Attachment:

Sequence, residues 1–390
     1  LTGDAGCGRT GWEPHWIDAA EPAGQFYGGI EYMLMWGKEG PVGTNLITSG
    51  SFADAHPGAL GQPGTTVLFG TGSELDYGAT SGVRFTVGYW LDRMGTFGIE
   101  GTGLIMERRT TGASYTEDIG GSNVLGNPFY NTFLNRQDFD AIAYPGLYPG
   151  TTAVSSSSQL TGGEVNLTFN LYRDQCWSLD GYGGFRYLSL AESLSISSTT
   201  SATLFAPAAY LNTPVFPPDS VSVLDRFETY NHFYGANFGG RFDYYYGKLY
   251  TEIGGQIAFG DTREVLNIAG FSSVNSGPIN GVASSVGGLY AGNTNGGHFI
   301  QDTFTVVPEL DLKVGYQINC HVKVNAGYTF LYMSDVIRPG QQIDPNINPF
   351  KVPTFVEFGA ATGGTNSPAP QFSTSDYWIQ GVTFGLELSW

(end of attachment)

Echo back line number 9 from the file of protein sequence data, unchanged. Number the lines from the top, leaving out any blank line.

   351  KVPTFVEFGA ATGGTNSPAP QFSTSDYWIQ GVTFGLELSW